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Old 05-26-2011, 09:46 PM   #1  
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Default Boundary Layer

Could anyone please explain to me what the boundary layer of a wing is and what factors effect it?

thanks in advance
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Old 05-27-2011, 03:07 AM   #2  
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Could anyone please explain to me what the boundary layer of a wing is and what factors effect it?

thanks in advance
Boundary layer - Wikipedia, the free encyclopedia
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Old 05-27-2011, 05:34 AM   #3  
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The wiki article is pretty good for a short summary but this is always a painfully abstract subject for those who do not worry about aerodynamics and prefer to leave it to the engineers. Boundary layers affect drag in a variety of ways. To bring home how significant this can be, think of a golf ball without dimples. It will not go half as far as one with, simply because the dimples force the air on the ball to remain turbulent which in turn energizes the flow field around the ball enough to affect its Reynolds number. Reynold's number is the ratio of viscous (syrupy) properties to inertial (mass times speed) in the flow. The higher the Re, the better the ability of the field to avoid separation from the body, thus minimizing drag.

It is sort of like "greasing" the air flow. Grease as we know is literally a viscous fluid, it sticks to things, but it acts like grease when placed in a wheel bearing which has the opposite effect. Same thing with vortex generators- they make the boundary layer turbulent on a tiny scale so the large scale flow is eased around the aerodynamic body. This makes the larger flow able to stay close to the aerodynamic body and do more useful work there.

An example. I was riding on a jungle jet yesterday near the wing in the passenger zone, and I saw it has VGs located upstream of the ailerons. The swept wing tends to experience lateral flow in addition to the normal (= 90 degrees) flow, and this lateral path tends to negate the usefulness of the ailerons. In turn, it is important to get the most out of the normal flow component and retain more aileron authority.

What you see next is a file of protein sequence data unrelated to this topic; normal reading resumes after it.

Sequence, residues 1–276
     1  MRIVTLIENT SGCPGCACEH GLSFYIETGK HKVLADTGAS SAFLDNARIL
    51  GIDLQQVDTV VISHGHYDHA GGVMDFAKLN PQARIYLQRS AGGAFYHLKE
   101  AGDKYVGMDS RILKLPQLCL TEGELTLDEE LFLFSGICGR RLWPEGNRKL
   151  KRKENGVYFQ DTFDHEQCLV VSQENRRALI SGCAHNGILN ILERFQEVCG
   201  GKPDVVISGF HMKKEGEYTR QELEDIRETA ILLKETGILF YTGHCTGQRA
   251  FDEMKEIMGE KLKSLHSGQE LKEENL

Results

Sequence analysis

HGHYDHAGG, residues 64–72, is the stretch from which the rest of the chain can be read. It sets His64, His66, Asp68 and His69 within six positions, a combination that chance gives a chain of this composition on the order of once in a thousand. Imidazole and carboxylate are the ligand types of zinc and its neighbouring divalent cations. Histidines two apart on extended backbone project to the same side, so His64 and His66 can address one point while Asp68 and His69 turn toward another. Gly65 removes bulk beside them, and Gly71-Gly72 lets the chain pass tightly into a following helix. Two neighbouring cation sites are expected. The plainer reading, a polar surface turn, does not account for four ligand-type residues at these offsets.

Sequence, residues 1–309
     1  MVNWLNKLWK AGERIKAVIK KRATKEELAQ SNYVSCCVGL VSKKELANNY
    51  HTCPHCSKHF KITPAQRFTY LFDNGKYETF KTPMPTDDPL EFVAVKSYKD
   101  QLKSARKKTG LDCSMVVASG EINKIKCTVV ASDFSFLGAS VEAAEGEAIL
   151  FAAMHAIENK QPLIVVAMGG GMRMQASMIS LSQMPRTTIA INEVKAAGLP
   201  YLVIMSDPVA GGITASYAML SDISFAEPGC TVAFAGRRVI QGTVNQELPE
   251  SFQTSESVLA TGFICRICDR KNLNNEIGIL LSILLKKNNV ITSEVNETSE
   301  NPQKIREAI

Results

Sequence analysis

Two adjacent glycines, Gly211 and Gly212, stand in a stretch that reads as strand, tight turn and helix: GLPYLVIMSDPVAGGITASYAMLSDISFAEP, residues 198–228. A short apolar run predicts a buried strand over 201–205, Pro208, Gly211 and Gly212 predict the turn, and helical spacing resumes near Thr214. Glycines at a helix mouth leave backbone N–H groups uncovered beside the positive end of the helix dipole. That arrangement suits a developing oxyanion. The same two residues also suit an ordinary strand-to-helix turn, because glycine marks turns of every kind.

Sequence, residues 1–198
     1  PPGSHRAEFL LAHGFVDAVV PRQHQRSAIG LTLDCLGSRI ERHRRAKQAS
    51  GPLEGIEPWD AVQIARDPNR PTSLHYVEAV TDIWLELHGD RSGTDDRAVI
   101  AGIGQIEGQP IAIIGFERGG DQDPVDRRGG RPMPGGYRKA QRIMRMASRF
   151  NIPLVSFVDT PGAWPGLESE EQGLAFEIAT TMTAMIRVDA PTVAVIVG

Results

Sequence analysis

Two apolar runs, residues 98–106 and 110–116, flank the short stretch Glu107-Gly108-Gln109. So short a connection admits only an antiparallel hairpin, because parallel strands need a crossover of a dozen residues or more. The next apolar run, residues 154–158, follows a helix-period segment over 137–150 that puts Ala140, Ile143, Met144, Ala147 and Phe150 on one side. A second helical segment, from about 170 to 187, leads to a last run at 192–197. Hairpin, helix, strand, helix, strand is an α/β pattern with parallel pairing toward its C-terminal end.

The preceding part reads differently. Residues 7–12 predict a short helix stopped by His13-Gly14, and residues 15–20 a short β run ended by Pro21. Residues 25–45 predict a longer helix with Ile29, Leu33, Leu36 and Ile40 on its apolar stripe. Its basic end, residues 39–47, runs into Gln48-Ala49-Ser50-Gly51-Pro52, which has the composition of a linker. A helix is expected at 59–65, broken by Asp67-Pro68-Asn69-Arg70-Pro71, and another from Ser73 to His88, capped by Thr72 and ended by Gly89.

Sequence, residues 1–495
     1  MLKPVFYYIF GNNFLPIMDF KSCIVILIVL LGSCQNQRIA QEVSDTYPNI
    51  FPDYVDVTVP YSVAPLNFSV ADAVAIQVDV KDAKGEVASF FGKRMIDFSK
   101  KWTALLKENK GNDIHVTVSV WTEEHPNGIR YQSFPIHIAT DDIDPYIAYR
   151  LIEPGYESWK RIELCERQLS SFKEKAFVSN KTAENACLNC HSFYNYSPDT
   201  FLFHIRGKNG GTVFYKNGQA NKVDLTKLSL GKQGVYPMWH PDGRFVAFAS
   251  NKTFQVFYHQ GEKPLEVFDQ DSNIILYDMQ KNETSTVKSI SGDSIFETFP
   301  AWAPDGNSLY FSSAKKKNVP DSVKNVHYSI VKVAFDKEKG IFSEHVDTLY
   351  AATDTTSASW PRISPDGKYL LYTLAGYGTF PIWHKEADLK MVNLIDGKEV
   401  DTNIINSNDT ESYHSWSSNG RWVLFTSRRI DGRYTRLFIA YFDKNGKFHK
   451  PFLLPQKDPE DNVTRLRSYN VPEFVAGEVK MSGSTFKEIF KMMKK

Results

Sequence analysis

VGs are used a a tool for boundary layer transition management, but there are others. When I was in school I designed a heavy-lift STOL airplane that used boundary layer air pumps to retain flow at high angles of attack. It was a novel idea and not mine by the way, but one which can do amazing things for STOL aircraft.
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Old 05-27-2011, 06:30 AM   #4  
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Originally Posted by Cubdriver View Post
The wiki article is pretty good for a short summary but this is always a painfully abstract subject for those who do not worry about aerodynamics and prefer to leave it to the engineers. Boundary layers affect drag in a variety of ways. To bring home how significant this can be, think of a golf ball without dimples. It will not go half as far as one with, simply because the dimples force the air on the ball to remain turbulent which in turn energizes the flow field around the ball enough to affect its Reynolds number. Reynold's number is the ratio of viscous (syrupy) properties to inertial (mass times speed) in the flow. The higher the Re, the better the ability of the field to avoid separation from the body, thus minimizing drag.

It is sort of like "greasing" the air flow. Grease as we know is literally a viscous fluid, it sticks to things, but it acts like grease when placed in a wheel bearing which has the opposite effect. Same thing with vortex generators- they make the boundary layer turbulent on a tiny scale so the large scale flow is eased around the aerodynamic body. This makes the larger flow able to stay close to the aerodynamic body and do more useful work there.

An example. I was riding on a jungle jet yesterday near the wing in the passenger zone, and I saw it has VGs located upstream of the ailerons. The swept wing tends to experience lateral flow in addition to the normal (= 90 degrees) flow, and this lateral path tends to negate the usefulness of the ailerons. In turn, it is important to get the most out of the normal flow component and retain more aileron authority.

VGs are used a a tool for boundary layer transition management, but there are others. When I was in school I designed a heavy-lift STOL airplane that used boundary layer air pumps to retain flow at high angles of attack. It was a novel idea and not mine by the way, but one which can do amazing things for STOL aircraft.